Caught In Time Northwoods Wisconsin Memories and Gifts
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Michel Cadotte Buried on Madeline Island,
Picturesque Figure in Early Fur Trade
You will find his grave in an abandoned Indian Cemetery alongside the winding road, which leads from the present village of La Pointe to the Old Fort or Old Mission Settlement. The little cemetery is terribly neglected, for the immediate kin of those whose bodies lie there have passed to the common fate and there are no loving hands to quell the weeds and rank grass which grow abundantly over the abiding places of the dead. Many of the Indian graves are covered with the little houses characteristic of Indian custom. These have fallen in to disuse and neglect, the shingles are rotting and blowing away and he little holes through which offerings of food were once passed to the spirits of departed braves are no longer used.
About the middle of the eighteenth century
there became prominent among the many French and English fur
traders operating throughout the Northwest one Jean Baptiste
Cadotte, a son of the above-mentioned Cadeau and father of Michel
Cadotte. As a young man he penetrated the most remove villages
of the Ojibway in the territory around Lake Superior and became
very popular with all the Indians with whom he came in contact
while acting in his capacity of fur trader. His influence among
the Indians was great and served him in good stead in many crises.
It is said that when French dominion ceased throughout the Northwest
Jean Baptiste Cadotte tried to leave the region but the love
of the Indians for him and his children was so great that they
threatened to force to make him stay. There is a fairly well
substantiated tradition that the chiefs of the Ojibway tribe
granted the site of the present day Sault Ste. Marie to J. B.
Cadotte and his descendants as a mark of their gratitude for
his labors in their behalf. Alexander Henry is said to have had
the grand of land after his death it was brought into the Lake
Superior region by an unknown person who made a number of inquires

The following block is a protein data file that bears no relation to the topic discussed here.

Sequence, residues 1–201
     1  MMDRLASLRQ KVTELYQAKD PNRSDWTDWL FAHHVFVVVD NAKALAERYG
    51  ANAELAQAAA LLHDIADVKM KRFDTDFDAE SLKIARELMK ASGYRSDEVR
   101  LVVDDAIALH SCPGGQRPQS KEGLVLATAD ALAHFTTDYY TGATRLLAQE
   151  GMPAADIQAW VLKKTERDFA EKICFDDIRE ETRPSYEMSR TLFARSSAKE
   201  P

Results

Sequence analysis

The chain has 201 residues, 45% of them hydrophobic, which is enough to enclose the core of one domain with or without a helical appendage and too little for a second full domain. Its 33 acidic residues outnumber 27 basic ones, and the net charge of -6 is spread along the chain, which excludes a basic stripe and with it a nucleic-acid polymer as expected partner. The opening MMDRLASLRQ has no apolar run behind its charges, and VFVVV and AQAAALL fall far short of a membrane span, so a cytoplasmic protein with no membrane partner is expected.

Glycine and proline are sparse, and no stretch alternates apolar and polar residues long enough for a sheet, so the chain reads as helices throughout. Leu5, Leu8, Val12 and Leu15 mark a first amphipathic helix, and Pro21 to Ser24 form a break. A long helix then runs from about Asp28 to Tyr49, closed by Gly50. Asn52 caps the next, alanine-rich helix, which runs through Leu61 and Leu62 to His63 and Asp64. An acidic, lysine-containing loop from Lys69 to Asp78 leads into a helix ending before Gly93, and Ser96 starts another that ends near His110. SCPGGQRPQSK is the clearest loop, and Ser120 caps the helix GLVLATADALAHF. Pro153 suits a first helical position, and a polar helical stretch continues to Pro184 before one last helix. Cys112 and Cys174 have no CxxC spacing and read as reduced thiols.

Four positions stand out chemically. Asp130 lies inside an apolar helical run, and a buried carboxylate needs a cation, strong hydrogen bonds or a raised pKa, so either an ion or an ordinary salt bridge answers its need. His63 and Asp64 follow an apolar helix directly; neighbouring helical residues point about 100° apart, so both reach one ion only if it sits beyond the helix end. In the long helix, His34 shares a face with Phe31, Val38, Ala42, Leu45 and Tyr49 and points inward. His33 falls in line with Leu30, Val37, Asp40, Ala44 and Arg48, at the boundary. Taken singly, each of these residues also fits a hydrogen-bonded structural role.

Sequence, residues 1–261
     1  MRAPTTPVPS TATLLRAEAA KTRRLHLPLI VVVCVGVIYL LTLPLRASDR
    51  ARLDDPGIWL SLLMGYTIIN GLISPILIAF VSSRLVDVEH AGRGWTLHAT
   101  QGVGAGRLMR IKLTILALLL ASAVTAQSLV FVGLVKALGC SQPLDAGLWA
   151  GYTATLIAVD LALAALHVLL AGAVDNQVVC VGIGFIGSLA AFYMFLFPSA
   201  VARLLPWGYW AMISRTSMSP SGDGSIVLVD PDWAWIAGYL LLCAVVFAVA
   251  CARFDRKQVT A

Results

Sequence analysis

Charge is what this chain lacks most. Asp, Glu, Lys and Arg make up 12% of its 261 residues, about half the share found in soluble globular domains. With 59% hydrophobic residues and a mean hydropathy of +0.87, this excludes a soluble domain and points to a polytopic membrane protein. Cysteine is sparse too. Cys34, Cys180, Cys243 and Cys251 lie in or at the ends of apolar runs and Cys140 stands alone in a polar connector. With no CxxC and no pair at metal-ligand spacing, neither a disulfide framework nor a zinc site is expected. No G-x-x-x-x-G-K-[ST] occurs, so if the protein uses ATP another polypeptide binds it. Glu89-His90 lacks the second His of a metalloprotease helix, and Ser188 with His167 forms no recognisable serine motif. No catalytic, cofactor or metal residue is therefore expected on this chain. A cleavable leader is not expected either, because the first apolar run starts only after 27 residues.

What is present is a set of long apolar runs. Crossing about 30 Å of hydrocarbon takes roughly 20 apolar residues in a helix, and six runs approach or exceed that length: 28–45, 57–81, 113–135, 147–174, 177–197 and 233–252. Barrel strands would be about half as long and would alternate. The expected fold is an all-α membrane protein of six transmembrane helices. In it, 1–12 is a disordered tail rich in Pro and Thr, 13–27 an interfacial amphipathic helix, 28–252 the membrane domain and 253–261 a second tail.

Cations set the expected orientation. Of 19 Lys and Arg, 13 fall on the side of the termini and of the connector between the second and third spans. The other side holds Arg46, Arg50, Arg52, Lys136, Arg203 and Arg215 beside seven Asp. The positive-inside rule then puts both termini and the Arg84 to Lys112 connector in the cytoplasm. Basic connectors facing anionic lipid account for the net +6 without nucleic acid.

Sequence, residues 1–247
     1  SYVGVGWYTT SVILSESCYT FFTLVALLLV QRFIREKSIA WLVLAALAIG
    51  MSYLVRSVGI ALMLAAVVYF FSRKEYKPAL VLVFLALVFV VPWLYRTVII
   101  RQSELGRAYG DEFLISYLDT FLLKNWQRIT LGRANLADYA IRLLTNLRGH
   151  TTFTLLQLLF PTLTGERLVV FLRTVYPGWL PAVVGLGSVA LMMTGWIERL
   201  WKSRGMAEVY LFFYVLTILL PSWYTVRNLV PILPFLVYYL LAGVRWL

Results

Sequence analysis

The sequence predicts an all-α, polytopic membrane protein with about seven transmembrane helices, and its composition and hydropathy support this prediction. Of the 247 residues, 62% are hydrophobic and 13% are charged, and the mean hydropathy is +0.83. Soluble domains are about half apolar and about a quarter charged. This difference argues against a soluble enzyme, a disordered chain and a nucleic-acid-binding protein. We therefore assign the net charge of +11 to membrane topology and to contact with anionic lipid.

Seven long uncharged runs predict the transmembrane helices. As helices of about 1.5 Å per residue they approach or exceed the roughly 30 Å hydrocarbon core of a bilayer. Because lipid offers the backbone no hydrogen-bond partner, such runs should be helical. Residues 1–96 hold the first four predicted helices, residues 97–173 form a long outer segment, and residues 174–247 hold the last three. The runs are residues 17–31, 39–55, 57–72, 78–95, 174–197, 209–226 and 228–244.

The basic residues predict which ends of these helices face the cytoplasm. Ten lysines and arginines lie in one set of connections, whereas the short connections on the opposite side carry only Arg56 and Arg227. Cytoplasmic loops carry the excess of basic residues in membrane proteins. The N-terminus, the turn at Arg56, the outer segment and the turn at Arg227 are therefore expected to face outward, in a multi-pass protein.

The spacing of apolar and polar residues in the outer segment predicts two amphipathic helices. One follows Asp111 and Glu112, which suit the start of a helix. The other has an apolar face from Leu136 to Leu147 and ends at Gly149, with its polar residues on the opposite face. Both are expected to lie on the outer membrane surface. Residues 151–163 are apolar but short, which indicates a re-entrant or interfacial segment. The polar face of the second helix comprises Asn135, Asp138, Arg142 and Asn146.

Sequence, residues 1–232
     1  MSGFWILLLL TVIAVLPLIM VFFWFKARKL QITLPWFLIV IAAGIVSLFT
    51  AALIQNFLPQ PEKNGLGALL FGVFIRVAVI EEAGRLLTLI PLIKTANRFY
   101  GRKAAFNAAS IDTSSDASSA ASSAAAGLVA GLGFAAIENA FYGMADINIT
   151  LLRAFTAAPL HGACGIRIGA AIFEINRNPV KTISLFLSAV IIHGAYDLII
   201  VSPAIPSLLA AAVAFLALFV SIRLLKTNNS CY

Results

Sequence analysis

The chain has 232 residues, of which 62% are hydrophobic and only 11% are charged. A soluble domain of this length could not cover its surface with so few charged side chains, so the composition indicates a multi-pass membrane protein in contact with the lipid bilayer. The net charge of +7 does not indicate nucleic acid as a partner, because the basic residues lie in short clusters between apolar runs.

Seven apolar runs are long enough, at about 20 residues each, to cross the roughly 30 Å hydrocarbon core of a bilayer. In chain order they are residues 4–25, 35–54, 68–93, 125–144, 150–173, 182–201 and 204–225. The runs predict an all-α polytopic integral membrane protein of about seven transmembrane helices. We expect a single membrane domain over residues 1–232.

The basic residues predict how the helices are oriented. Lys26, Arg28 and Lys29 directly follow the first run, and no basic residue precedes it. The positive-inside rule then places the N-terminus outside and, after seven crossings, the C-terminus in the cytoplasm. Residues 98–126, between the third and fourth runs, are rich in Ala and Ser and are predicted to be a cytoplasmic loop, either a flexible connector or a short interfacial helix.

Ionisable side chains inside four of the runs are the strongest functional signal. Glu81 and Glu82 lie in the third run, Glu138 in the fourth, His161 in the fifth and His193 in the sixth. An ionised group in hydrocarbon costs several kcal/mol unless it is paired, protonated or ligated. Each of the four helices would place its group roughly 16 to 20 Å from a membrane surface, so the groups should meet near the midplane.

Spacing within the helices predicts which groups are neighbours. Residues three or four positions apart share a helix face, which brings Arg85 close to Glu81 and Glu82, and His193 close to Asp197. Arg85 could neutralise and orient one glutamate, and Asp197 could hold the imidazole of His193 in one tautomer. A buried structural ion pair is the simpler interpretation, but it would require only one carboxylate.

concerning the Cadotte family, and then returned to Montreal.
Since that time it has not been heard of. Jean Baptiste Cadotte
and is referred to by Alexander Henry, the noted English trader,
as the last governor of the French Fort at Sault Ste. Marie.
On October 28, 1756, in the Catholic Church
at Michilimakinac, Jean Baptiste Corbine was married to an Ojibway
woman of the great Awause clan referred to in the marriage documents
as a neophyte named Marianne, the daughter of a Nipissing, and
in another old French document as Athanasi, Anastasia and Catherine.
This woman was of remarkable strong character and possessed an
unusual energy, helping her husband in his fur trading to the
extent of making canoe trips of hundreds miles with the voyageurs
and coureurs de bois to far flung fur outposts. She once dramatically
saved the life of Alexander Henry, who was at one time a partner
of Jean Baptiste Cadotte and spent the winter of 1765/66 with
him on the main land opposite Madeline Island, about where Bayfield,
Wisconsin now stands.
Anastasia Cadotte bore two sons, Jean Baptiste,
Jr. and Michel, the last named of whom inherited to the greatest
extent the admirable qualities of both mother and father. Michel
Cadotte was born July 22, 1764, at Sault Ste. Marie. The early
days of his childhood were spent in and around the little trading
post where he learned his lessons, which would serve him so well
in the eventful years, which followed. As a youth he was sent
to Montreal, where he received a liberal education, and on his
return, he entered the fur trade as an assistant to his father.
Far horizons held an untold lure for young
Michel Cadotte and as early as 17984, when he was but 20 years
old, he was wintering among his Indian half brothers at the head
of the Chippewa River. At that early date he had already established
a trading post on the Namakagon River, a tributary of the St.
Croix, and was doing extensive trading with the tribes along
the upper Mississippi. The date of his location on Madeline Island
is uncertain, some saying 1792, others 1800, but it may be stated
with a fair degree of certainty that he settle permanently on
that picturesque and historic piece of terra firma during the
last decade of the 18th century. White Crane, the noted Ojibway
chief, was at that time the village chief of La Pointe and Michel
Cadotte wooed and won his beautiful daughter. Equaysayway was
her native name but when she married Cadotte and entered the
church she was given the name of Madeline. Her name has been
perpetuated in the name of the island on which she lived and
died, which, up to the middle of 19th century, had been known
by a variety of titles ranging from Moningwunakauning to just
plain Michel's. This marriage was a singular stroke of good fortune
for Michel Cadotte. The Cranes were the aristocracy of the Ojibway